Social media

Social media is one of the fastest ways to keep your customers up-to-date with the information they need. It’s also a great way to keep in regular contact with your audience and keep an eye on the conversations they are having online. 

If you’re a business that’s had to temporarily close, it’s more important than ever not to ignore your social media. Keep your posts honest and let your customers know exactly what’s happening. Keep providing them with resources they might expect from you. 

Here’s something I just experienced with a local business. 

My hair salon had to close as of last Wednesday, and I can’t tell you how happy I was to have gotten my roots done before (you ladies will understand). 

Even though they can’t take any appointments in the next few weeks, they’ve kept their Instagram going with tips for caring for your hair without a salon, handwashing techniques, and genuine concern for the community. 

Screen Shot 2020-03-22 at 6.04.30 PM

As a customer, I appreciate that they are continuing to maintain this touchpoint and have shared posts like the one above to friends and family in the area to help them keep some income going while they’ve had to close.

Now is not the time to stop your marketing; it’s a critical time to make sure your customers know you care.

Google listings

If you have a business that depends on local foot traffic or in-person meetings, do not forget to update your Google My Business listing! Anyone searching for your business needs to know if you’ve had to change your hours (or close) and how to contact you.

For those of you in the restaurant or hospitality industry I’m talking to you specifically.

A lot of restaurants are still doing take-out and are reliant on this income. Since many people look up restaurant reviews, hours and menus via Google My Business, do not overlook this piece of your marketing right now.

Paid media

Many companies are going to be looking to cut their spend right now, and paid media will be a budget item that gets cut first.

As our Facebook Ads Specialist Ali Parmalee recently told me, completely cutting off your ads is not advisable. By scaling down on your budget instead of cutting it completely, you won’t lose the optimizations your campaigns have built. 

🔎 Related: What you need to know about virtual selling, in response to COVID-19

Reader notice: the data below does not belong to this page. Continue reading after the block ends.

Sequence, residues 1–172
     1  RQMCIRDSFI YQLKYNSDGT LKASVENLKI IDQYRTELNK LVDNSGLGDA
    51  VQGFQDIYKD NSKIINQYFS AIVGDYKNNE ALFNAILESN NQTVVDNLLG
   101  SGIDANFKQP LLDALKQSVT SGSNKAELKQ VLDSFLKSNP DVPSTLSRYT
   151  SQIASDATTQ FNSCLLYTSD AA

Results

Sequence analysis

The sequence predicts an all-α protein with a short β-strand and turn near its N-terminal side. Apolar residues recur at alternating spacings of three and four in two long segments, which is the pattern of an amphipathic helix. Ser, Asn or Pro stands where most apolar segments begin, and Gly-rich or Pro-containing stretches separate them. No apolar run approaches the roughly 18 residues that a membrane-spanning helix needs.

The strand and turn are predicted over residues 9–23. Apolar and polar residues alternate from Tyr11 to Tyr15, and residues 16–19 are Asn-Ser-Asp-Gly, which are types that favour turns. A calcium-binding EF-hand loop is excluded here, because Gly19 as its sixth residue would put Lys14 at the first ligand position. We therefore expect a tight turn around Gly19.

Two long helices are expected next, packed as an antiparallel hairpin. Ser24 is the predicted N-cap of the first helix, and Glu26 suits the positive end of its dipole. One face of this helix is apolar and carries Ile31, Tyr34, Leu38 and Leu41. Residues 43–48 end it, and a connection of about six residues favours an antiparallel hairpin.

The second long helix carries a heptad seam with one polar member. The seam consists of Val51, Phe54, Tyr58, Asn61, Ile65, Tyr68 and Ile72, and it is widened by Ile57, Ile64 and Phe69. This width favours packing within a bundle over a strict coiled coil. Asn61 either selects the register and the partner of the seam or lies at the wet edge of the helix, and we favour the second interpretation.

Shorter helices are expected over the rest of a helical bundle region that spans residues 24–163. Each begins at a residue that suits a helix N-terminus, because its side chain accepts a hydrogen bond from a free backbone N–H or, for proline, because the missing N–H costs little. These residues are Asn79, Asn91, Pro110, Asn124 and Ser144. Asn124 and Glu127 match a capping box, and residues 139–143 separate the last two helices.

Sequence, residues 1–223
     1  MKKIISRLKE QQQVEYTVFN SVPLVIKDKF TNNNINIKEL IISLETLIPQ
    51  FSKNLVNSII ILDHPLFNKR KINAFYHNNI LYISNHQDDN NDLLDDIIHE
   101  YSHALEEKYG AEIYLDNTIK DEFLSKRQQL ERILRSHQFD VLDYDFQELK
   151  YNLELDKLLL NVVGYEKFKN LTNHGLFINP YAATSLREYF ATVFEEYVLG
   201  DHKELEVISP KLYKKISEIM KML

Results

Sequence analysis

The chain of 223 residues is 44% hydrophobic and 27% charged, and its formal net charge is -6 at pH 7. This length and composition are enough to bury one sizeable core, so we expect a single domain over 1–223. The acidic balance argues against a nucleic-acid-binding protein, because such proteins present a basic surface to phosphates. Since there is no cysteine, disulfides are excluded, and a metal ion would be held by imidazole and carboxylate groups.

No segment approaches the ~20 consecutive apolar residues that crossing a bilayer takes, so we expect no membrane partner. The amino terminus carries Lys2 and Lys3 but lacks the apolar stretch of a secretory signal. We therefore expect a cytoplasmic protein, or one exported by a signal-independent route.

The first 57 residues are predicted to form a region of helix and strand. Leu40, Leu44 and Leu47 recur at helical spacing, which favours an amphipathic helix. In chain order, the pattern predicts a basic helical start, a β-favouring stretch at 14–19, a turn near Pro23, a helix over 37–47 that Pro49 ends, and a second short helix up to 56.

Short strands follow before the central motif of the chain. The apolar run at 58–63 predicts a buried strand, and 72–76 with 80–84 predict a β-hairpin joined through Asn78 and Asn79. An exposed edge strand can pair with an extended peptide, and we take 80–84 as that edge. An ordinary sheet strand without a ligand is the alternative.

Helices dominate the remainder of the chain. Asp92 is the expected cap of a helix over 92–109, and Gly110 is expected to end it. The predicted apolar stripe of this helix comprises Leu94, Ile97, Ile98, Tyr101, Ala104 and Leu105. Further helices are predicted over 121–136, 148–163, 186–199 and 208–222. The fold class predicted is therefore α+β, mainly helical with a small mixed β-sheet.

If you are running any paid media right now, you’ll also want to keep tone in mind. Running ads toward helpful resources to your clients or customers would be a better approach (in my opinion) than pushing products or sales that might make your business come off as opportunistic in a time where people are worried about spending. 

A good rule of thumb would be to ask yourself: “is this going to help my customers right now?” 

Events

Like Digital Sales & Marketing World, many live-events have been postponed, have gone virtual or worse, been cancelled. 

If you were organizing an event, it’s important to keep both ticket holders and potential attendees up-to-date on all changes you’ve made, even if you don’t have all the details yet.

Send email updates, post information to your social media accounts, and update any event listings you had on third party websites, like Eventbrite.

Having just gone through this ourselves, I know how many little details there are to consider. Please feel free to contact me if you need any help, advice — or just need to vent!

Things won’t be 'business as usual' for a while, but don’t let it stop you

Let’s face it, when the economy gets unsteady, companies look to minimize costs wherever they can. Unfortunately, this often leads to cuts in marketing spend. Even if your company is faced with budget cuts, it’s important not to stop your marketing all together. Instead, find ways to adapt. 

Marketing can still help generate leads and give your sales team (if you have one) the tools they need to close deals with resources like video, content, and analytics on a budget. 

Leveraging platforms like social media and strategically using email marketing can keep your business top of mind for customers, while providing them with information that helps them get through these tough times.

Now is the time to build and keep trust with customers as we all get through these turbulent times together.